I got this recipe from him. It actually calls for the eggs to be separated so that the whites can be beaten and folded in at the end, to make the waffles more light, but I've found they're light enough without that extra step. I've also sometimes substituted melted butter or ghee for all or part of the oil, and I'm guessing melted coconut oil would also be a tasty option.
I make my sourdough with 100% white whole wheat flour, but my dad uses red wheat flour, and that's also good. The fermenting process helps break down the whole grain so it's a little more tender and easier to digest. It works well to feed your sourdough the night before making this so you have plenty to use and so that the sourdough isn't too sour (since this recipe doesn't call for any additional flour, I've found that if I use really ripened sourdough without feeding it first, the flavor is a little too strong).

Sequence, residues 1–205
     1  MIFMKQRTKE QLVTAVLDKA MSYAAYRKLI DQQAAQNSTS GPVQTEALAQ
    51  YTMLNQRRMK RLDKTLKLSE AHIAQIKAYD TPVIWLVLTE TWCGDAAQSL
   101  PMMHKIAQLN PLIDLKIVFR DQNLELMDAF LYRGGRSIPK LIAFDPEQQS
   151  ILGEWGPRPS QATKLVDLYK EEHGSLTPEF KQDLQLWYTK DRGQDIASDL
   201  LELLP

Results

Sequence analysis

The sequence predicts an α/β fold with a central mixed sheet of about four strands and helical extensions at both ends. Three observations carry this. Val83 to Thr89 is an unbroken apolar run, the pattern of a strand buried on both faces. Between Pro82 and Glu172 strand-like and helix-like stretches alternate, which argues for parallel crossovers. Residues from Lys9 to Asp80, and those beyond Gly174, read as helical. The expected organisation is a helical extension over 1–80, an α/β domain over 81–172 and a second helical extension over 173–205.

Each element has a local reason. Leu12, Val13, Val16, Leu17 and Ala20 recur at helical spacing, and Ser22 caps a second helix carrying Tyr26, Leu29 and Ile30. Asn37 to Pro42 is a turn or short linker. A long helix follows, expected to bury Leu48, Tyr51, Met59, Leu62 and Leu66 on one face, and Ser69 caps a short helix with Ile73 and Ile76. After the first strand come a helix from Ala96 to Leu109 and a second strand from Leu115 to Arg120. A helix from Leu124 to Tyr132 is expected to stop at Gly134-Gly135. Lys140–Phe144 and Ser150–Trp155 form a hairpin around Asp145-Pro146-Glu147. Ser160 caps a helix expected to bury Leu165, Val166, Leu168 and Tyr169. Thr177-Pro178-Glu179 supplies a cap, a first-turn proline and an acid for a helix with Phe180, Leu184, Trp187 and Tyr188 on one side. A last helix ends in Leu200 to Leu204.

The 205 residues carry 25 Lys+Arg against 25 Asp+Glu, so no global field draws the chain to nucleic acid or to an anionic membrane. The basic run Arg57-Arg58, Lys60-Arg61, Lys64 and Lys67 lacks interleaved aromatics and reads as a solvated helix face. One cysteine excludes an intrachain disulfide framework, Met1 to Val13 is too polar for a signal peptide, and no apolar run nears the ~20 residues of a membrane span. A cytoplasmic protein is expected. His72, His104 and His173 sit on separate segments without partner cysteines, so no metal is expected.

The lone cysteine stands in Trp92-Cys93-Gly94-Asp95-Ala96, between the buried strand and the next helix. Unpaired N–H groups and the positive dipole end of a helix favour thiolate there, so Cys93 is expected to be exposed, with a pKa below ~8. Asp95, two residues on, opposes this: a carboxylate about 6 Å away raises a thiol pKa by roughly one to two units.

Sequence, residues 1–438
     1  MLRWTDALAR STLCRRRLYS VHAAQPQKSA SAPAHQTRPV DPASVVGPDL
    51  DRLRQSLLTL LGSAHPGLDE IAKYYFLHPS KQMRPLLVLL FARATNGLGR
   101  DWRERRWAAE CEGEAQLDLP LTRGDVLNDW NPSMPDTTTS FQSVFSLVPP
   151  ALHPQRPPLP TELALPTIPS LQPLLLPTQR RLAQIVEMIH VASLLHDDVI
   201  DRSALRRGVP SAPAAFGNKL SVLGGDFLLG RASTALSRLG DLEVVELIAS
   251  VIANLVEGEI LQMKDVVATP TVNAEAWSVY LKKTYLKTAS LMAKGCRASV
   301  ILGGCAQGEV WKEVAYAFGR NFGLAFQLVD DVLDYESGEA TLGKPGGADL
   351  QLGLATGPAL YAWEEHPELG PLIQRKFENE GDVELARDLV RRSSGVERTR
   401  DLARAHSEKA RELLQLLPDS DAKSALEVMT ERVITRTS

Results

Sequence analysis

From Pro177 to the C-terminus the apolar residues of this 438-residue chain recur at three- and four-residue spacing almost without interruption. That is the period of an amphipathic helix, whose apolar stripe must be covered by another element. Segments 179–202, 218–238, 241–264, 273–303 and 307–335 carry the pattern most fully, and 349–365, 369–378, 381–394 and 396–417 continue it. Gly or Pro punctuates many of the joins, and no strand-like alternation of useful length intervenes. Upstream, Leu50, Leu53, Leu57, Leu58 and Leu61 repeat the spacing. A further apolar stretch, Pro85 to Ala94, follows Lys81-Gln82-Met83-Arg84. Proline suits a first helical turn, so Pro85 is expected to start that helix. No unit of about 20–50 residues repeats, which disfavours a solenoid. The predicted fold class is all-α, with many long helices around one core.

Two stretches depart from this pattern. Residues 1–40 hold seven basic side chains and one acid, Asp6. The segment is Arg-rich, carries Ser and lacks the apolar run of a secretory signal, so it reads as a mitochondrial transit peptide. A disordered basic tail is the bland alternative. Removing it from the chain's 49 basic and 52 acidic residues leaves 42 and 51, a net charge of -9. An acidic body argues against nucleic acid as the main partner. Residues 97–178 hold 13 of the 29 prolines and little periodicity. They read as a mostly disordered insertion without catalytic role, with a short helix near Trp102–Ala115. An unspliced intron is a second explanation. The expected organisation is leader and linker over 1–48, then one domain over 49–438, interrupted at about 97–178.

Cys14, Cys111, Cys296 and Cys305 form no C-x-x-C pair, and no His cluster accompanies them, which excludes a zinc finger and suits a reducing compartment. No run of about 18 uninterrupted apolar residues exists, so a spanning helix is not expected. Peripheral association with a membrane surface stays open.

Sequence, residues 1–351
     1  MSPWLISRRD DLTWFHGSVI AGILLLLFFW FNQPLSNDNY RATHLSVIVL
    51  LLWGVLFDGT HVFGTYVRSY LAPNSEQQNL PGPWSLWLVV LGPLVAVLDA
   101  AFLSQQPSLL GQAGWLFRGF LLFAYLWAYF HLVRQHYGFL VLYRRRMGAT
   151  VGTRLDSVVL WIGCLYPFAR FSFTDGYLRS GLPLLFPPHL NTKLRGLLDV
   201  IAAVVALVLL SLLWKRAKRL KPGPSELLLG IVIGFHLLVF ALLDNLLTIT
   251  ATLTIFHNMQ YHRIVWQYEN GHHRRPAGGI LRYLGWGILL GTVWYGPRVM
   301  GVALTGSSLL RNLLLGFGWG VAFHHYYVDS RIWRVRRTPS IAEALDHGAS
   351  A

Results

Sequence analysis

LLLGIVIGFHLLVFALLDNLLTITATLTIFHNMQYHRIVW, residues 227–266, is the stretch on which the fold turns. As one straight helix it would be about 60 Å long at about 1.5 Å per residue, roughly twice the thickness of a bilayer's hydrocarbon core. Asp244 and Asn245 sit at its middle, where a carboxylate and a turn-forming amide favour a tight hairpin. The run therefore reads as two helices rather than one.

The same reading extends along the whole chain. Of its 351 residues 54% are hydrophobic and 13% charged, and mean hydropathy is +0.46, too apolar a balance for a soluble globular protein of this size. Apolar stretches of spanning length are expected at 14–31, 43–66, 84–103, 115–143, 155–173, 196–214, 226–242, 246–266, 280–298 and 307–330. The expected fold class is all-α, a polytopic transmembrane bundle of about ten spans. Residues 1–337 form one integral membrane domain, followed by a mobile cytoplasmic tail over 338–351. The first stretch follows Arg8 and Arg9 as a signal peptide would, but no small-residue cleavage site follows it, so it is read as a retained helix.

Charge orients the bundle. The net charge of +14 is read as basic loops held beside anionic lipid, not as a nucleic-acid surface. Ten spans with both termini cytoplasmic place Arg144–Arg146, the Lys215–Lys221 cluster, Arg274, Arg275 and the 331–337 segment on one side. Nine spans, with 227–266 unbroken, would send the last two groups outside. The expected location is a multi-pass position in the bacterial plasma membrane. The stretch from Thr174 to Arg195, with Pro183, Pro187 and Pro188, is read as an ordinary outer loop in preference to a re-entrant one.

Dad's Sourdough Waffles
2 1/2 c. sourdough
milk to thin (or buttermilk or yogurt, or water)
3/4 tsp baking soda
3/4 tsp salt
1 1/2 Tbs. sugar
1/4 cup oil (or melted butter, ghee, coconut oil)
Mix together the baking soda, salt, and sugar in a small bowl. Stir together the sourdough, eggs, and enough liquid to make it a good waffle consistency, then stir in the oil and the dry ingredients just to blend. Cook in waffle iron.
Note: it works well to freeze any leftovers and then warm them in the toaster when ready to eat them.